Simple copying of the European policies and approaches is not possible, as contexts differ, but learning from its opportunities and challenges is relevant for a similar process.

Some key lessons from the European process and related recommendations for other regions are.

  1. It takes time to develop such a process, and a step-by-step approach is necessary to keep everybody on board and to move forward. This applies to the whole period of 70 years but also to each new action, including the calls for EUI alliances, which allowed for a learning experience for new alliance proposals.

  2. It requires a combination of top-down and bottom-up approach. Top-down, as decisions have to be made to initiate and steer the process; bottom-up, as it requires commitment from stakeholders at all levels to succeed.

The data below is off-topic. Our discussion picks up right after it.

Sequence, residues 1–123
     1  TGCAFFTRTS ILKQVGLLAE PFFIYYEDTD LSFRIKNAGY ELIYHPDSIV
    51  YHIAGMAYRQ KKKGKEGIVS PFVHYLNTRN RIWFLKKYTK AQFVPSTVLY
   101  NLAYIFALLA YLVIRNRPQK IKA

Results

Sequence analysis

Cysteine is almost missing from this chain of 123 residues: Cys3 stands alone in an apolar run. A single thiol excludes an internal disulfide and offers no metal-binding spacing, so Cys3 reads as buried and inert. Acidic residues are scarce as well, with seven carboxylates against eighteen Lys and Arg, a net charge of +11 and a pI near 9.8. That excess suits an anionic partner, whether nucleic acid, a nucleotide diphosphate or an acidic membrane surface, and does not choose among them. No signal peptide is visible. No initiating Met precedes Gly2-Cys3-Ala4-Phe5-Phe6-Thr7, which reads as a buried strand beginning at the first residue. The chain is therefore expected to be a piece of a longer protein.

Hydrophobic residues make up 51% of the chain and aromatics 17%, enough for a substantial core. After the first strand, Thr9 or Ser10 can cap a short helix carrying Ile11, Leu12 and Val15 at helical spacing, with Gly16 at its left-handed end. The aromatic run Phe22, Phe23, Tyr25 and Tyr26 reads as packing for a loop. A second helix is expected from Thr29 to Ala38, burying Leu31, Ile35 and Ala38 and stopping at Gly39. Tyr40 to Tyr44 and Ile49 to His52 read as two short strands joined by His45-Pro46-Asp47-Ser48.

3. It requires subtle alignment between regional coordination and national interests.

  4. It asks for the active involvement of all stakeholders: the regional authority, national governments, institutional representative bodies, academics, administrators, students, and external partners.

  5. Financial support is critical to success, but keep the bureaucracy around such support to a minimum and be aware of long-term sustainability needs, beyond short-term support.

  6. Learn from the challenges and opportunities of the European experience without simply copying and placeing it in the specific context of your region and its higher education system and culture.

  7. Create a balance between more excellence and more inclusion in higher education.

  8. Create a common/shared identity, as this was an essential driver for creating alignment between the various stakeholders in pushing the agenda forward.